Individual analysts form their earnings forecast by incorporating 2 independent but interdependent sets of data into their financial and valuation models. One comes from the companies they follow and the industries within which these companies operate. The other, the larger macro-economic picture (which isn't within their primary skill sets), is provided to them from economists, whether in-house or outsourced.

Beyond company and industry-specific aspects of business (such as products, management, competitive environment, etc.), the macro-economic environment is usually the single most significant factor in future earnings, growth, and risk prospects of companies and industries. An apt way to look at it: The rising (or falling) tide lifts (or sinks) all boats. So, it's to the primary providers of macro-economic forecasts that we now turn; the purveyors of the dismal science: the economists.

Like individual analysts, economists make their economic forecasts in a deliberative process, analyzing the data they receive and then making adjustments to their forecasts. These economic forecasts, like the earnings forecasts from individual equity analysts, are compiled into a consensus view. This helps guide investment strategists, portfolio managers, and (many...most?) individual investors in their investment decision-making process.

For forward-thinking investors, there's an opportunity to (a) better understand how this process can be turned into a predictive stock-market tool and (b) a way to exploit the process.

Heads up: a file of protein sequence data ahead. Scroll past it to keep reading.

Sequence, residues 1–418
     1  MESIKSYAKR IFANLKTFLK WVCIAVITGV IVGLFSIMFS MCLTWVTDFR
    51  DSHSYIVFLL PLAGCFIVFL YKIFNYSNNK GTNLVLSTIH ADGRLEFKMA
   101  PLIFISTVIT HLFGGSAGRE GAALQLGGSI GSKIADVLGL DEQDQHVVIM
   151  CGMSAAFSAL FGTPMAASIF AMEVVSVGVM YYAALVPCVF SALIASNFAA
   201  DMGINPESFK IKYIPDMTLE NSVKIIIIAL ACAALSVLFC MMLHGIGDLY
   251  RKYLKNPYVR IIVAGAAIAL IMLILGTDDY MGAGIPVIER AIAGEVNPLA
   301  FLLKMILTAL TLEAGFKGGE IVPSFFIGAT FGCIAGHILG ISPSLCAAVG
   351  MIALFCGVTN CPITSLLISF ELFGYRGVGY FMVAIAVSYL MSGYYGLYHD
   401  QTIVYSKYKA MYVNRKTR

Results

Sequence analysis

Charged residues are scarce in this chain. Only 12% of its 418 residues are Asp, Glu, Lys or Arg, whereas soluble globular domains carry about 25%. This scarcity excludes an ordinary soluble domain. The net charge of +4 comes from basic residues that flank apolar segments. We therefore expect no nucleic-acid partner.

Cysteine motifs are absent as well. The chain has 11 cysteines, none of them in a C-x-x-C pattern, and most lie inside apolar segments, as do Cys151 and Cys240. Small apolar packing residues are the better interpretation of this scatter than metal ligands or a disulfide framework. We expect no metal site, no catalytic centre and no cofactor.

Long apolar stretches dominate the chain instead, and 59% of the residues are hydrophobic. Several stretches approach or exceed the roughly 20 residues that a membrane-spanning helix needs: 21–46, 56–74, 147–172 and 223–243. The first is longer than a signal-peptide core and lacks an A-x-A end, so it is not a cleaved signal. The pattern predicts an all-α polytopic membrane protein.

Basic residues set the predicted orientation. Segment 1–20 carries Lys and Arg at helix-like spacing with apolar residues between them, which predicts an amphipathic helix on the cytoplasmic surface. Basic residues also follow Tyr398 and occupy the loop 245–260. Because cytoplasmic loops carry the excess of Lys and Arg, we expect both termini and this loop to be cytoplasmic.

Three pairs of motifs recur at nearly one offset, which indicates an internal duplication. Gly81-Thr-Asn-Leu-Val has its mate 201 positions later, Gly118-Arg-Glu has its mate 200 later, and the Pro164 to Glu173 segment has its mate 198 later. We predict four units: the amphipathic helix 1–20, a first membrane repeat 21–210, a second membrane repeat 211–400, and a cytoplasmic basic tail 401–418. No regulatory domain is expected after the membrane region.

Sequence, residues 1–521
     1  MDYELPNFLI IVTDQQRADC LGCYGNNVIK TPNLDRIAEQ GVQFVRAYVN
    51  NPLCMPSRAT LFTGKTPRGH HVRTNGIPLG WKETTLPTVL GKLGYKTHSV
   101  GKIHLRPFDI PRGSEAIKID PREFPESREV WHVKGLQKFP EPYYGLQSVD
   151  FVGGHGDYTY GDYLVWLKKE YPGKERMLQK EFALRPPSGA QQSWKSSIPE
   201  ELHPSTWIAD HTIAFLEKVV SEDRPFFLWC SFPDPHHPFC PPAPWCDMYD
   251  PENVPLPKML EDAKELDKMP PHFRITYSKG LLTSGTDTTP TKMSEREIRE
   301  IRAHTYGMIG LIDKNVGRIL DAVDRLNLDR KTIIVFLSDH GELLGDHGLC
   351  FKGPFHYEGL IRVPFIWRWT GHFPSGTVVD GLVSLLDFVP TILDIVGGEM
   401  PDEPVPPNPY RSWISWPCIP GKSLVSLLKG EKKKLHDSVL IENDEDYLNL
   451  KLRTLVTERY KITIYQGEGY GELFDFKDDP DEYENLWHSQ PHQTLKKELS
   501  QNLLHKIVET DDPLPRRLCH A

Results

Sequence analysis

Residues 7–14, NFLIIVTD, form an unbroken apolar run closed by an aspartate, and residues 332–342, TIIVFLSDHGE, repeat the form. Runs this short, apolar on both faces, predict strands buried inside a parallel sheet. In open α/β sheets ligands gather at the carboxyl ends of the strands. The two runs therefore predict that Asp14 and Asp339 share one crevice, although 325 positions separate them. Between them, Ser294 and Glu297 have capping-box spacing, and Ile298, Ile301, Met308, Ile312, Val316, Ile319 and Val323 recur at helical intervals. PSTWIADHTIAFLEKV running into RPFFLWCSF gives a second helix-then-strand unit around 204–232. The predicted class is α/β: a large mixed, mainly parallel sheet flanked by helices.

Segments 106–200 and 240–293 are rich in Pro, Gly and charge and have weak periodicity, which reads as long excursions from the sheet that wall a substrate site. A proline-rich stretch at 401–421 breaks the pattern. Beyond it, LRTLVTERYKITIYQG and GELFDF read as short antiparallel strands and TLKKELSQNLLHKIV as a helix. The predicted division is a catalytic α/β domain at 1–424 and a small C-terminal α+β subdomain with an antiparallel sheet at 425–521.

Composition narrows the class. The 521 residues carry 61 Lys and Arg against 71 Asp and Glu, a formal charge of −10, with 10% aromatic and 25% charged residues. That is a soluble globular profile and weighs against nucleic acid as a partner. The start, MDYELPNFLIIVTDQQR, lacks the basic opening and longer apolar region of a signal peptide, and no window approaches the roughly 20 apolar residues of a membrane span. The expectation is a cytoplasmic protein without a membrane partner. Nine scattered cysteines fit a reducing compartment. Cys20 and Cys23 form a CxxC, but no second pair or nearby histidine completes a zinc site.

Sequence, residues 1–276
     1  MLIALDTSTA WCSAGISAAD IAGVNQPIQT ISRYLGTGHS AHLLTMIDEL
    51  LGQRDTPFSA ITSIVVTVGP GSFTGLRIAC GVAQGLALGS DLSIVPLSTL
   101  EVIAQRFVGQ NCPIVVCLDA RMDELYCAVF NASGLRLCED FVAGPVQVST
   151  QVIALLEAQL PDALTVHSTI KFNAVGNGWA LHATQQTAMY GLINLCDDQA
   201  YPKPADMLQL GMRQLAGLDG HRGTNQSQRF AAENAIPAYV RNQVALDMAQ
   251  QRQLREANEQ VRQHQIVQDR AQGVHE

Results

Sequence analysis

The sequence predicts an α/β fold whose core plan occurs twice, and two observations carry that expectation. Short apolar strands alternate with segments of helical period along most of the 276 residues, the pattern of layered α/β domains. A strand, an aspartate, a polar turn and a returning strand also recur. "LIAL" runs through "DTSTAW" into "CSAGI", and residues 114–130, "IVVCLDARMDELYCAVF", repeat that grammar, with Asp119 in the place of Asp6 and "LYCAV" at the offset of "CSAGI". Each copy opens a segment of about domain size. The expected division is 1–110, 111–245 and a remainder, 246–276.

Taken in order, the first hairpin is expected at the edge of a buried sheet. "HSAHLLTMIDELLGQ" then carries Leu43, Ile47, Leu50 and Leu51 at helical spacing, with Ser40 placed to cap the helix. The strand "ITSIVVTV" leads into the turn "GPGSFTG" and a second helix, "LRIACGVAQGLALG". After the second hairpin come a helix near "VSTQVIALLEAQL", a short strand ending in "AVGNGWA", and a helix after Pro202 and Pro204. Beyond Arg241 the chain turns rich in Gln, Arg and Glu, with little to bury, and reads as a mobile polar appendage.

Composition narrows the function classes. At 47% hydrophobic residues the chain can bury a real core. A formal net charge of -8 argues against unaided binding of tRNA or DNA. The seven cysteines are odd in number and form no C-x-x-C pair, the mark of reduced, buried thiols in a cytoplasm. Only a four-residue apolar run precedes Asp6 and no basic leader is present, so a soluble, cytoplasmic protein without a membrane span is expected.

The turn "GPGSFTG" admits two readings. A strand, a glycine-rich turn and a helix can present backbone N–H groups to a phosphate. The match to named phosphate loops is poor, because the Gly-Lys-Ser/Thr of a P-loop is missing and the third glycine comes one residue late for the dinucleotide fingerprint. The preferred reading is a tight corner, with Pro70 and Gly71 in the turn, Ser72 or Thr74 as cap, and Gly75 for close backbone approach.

Since individual forecasts are aggregated to form a consensus view, and since markets derive their collective current values from predictions derived from the consensus view, it seems reasonable to conclude that changes in the consensus view will result in changes in economic forecasts, which will then result in changes in earnings forecasted and ultimately realized. Therefore, if it's correct that stocks are based on the consensus view, it behooves investors to monitor current economic data for trends that will likely change future consensus views (economic then earnings). In the current environment, this works out as follows:

Economic reports at or above consensus will result in future upward adjustments to economists' views, which will result in higher forecasted earnings from individual equity analysts. The follow table illustrates this quite well.


Click to enlarge


Each week, I list the major economic reports to be reported as well as those that were reported the prior week. What I'm looking for is the aggregate trend of reports vis-à-vis their consensus forecasts. What the above table shows quite clearly is that most reports are coming in at or above consensus views. Not one report, most reports.

Therefore, it's logical to conclude that in time, economists will begin to incorporate this new data into their individual models. Doing so will increase their economic forecasts, driving individual analysts to increase their individual company forecasts. This will result in higher forecasted earnings, which provide the basis for analysis on where stock prices are today.
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No positions in stocks mentioned.